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Theorizing ICTs in the Arab World: Informational Capitalism and the Public Sphere

Murphy, Emma



The concept of the public sphere has become a commonly used paradigm for understanding the impact of contemporary Information and Communications Technologies (ICTs) on the political spaces of the Arab world. This article aims to explore the multiple understandings of this evolving public sphere and their shortcomings. A survey of recent research on the Arab region demonstrates inconsistencies which have arisen from an abstraction of the concept from its theoretical roots. By returning to the discourse surrounding Habermas' original ideas, including the debates which have articulated concerns arising from the possibilities of multiple and non-virtuous publics, the (re)mediating effects of contemporary ICTs, the possibilities for the social construction of new identities, and the universalism of the normative underpinnings of the public sphere, the emerging Arab public sphere is located within its global counter-part, high-lighting those of its features which represent opportunities for new forms of communicative action which have emancipatory potential. However, the article acknowledges the mutually constitutive functions of structure and identity by further locating the new landscape of intra-regional communication within the context of the global spread of informational capitalism. The evidence here suggests that the emerging Arab public sphere is already penetrated and diminished. The key to reconciling these apparently contradictory tendencies lies in the porousness of the boundaries which delimit the Arab public sphere and the manner in which it retains some autonomy from its global counterpart.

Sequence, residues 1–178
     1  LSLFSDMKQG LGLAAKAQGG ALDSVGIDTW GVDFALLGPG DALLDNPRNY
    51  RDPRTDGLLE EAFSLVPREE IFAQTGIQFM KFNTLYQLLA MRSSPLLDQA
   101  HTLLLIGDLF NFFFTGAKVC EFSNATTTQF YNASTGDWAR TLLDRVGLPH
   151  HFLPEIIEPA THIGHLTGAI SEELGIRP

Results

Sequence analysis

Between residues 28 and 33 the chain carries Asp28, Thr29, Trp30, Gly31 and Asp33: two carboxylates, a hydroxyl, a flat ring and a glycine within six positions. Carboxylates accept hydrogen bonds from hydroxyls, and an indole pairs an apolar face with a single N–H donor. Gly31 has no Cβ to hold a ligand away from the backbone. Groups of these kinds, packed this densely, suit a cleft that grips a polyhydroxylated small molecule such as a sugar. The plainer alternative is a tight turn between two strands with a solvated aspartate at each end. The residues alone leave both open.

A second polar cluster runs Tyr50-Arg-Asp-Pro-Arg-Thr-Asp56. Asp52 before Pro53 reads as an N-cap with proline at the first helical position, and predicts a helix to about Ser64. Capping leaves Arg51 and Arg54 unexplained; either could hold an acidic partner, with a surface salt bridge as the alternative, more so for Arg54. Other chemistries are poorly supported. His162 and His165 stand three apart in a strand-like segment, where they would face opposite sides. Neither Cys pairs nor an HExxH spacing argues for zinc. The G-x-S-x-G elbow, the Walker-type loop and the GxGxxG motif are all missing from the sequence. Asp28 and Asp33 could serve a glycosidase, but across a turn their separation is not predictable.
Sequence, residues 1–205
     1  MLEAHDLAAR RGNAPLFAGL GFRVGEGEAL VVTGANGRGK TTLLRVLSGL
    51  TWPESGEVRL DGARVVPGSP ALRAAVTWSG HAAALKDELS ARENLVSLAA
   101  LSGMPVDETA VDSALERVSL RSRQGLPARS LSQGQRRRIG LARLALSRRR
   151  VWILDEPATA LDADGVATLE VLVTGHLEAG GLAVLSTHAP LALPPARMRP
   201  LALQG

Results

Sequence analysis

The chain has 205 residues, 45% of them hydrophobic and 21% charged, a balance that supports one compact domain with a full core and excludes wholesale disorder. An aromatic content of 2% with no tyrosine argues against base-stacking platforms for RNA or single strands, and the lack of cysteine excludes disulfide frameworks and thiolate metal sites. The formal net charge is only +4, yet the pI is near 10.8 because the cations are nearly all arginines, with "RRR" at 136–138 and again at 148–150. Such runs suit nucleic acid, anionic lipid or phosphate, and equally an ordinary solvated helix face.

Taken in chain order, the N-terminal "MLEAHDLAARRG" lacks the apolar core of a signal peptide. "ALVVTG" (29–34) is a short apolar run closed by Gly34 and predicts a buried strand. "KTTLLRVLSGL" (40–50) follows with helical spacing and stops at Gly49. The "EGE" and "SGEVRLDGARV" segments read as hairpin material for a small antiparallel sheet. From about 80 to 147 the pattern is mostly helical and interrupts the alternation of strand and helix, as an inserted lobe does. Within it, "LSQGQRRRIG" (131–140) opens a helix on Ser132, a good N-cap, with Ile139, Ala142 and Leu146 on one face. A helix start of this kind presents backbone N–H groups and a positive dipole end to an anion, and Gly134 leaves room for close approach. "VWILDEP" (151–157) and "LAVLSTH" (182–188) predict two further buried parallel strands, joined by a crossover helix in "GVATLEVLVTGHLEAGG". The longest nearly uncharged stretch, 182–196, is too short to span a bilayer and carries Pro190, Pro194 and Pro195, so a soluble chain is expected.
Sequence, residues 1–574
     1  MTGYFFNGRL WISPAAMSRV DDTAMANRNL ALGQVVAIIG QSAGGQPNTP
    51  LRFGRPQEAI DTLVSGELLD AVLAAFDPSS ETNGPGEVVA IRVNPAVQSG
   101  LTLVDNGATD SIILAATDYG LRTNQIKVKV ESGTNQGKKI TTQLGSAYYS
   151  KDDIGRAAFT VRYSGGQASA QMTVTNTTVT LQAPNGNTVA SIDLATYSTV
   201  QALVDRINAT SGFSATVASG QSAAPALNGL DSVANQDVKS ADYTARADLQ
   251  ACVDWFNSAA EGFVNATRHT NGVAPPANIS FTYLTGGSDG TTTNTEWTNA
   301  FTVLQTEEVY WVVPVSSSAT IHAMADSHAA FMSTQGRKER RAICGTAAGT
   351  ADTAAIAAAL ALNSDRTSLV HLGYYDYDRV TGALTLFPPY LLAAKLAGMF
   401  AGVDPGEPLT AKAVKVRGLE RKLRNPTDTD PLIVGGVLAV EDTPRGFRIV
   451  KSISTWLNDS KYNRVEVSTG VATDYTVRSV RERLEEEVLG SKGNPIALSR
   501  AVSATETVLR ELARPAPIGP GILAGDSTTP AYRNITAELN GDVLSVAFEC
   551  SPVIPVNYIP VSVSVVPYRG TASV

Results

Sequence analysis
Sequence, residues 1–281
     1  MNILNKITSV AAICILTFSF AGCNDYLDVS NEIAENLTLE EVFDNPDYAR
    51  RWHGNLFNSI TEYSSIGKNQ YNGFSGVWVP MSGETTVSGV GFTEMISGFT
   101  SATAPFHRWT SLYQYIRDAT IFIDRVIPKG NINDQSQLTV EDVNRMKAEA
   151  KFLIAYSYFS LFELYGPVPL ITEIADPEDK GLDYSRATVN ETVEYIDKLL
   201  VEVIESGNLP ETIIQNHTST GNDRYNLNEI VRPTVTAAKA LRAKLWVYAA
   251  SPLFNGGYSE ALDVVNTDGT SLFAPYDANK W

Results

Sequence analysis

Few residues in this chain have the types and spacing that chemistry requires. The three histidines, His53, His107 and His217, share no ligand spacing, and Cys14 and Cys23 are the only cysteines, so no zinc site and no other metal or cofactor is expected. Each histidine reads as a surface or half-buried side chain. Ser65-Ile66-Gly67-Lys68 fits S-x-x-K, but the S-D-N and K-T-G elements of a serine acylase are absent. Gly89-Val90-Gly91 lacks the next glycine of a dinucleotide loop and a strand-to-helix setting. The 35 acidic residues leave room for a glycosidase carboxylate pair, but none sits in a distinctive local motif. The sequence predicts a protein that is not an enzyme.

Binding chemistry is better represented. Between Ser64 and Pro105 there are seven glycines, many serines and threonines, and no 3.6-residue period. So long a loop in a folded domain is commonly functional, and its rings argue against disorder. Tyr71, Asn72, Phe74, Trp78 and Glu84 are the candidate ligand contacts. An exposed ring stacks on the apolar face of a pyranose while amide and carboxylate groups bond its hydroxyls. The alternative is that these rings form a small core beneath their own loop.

Murphy, E. (2009). Theorizing ICTs in the Arab World: Informational Capitalism and the Public Sphere. International Studies Quarterly, 53(4), 1131-1153.

Journal Article Type Article
Publication Date Dec 1, 2009
Deposit Date Jul 15, 2010
Journal International Studies Quarterly
Print ISSN 0020-8833
Electronic ISSN 1468-2478
Publisher Oxford University Press
Peer Reviewed Peer Reviewed
Volume 53
Issue 4
Pages 1131-1153